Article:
A composite corporate portrait

February 27, 2017  •  Leave a Comment

Monticello composite 4Monticello composite 4 The above photo is one of the more interesting corporate assignments JFP has taken on in a while. And, ironically, when our client proposed the job (a black and white group portrait with spot coloring, and a composite photo at that), we weren't super enthusiastic.

You see, there can be bit of a negative attitude in the professional photography community regarding black and white photos with just a splash of color. They are sometimes frowned upon by other professional photographers. They can be considered outdated or amateurish, and photographers will occasionally say things like, "You need to educate your clients better so that they won't want images like that."

Fortunately, we are not driven by what other photographers think. We are driven by our clients' needs.

At the end of the day, a large part of our job is to execute our clients' visions to the best of our ability. Sure, we are often considered the creative experts and -- in that scenario -- we get paid to come up with and deliver on what we think looks best. But we also need to be respectful of others' creative ideas.

So, when our client told us he wanted a group photo in this style with himself and seven of his employees, we listened to his why (he wanted us to make a photo that -- when used in print, social media and on billboards -- would stand out in the competitive real estate market). We then put aside our initial lukewarm reaction and began working on how to make a picture that would meet our clients' needs.

Our studio space is not large enough to photograph eight adults at once, and we wanted to photograph each real estate agent individually anyhow, to focus on making each person look their best. We set aside an hour on a Saturday morning to photograph the eight subjects on a white background. We set up our four studio lights to achieve consistent, even lighting, and we put our camera on a tripod. We then placed pieces of tape on the floor to mark where the lightstands and the tripod were placed. If anything got bumped into, we needed to be able to put it back in the same exact spot. Everything needed to be consistent.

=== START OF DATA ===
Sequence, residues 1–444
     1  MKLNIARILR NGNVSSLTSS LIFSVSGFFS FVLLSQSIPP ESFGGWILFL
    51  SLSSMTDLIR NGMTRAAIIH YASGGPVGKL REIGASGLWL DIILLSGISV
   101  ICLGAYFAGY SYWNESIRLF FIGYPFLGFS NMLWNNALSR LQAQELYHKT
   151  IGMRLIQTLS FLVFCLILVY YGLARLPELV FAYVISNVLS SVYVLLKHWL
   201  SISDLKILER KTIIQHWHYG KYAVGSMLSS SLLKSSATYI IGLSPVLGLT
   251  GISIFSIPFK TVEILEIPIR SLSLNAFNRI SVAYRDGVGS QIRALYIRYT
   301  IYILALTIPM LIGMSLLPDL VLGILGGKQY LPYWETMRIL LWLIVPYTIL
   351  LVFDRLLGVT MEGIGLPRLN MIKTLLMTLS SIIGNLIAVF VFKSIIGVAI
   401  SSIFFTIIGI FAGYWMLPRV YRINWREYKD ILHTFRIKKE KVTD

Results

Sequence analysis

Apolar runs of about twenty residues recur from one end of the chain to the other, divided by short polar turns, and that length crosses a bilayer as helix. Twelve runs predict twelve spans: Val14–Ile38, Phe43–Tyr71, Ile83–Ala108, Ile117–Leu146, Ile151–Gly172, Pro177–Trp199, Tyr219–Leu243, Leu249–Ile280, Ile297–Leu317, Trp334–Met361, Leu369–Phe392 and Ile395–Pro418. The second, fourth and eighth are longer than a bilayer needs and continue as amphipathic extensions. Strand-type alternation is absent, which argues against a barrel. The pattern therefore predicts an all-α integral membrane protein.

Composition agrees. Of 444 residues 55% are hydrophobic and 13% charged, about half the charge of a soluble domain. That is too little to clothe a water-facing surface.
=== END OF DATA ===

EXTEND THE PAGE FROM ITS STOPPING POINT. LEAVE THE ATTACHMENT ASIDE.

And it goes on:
Here's what one of the original portraits looked like out of the camera (we used the same focal length for each image, so that all eight subjects would fit together cohesively in the final composite):

Monticello composite-174Monticello composite-174 We sent the client a link to an online proofing gallery, so they could choose the best image for each of the eight subjects for us to work on. Once those images were selected, we sent them to our retoucher, whose primary role was to extract the subject from the white background and place them on a transparent background. (We try not to spend time doing tasks that we don't love and/or that we are not talented at.) We asked for a total of 16 images back -- a color version to provide to the client as a bonus from the shoot, and a black and white version with a splash of color (the colors each person wore as a tie or jewlery were coordinated in advance).

Monticello composite-174Monticello composite-174 Monticello composite-174_copyMonticello composite-174_copy Once we had the black and white photos in hand, the task of building the final image in Photoshop began. We started with a transparent background and placed the portraits one at a time, moving them to fit the space and image the client had in mind.

It's kind of funny that, when we started this project, we were simply aiming to make our client happy. We ended up being fired up about the job. From the planning to the shooting to the production work, it was fun to take on something a little different. And we can't wait to see the images being used!

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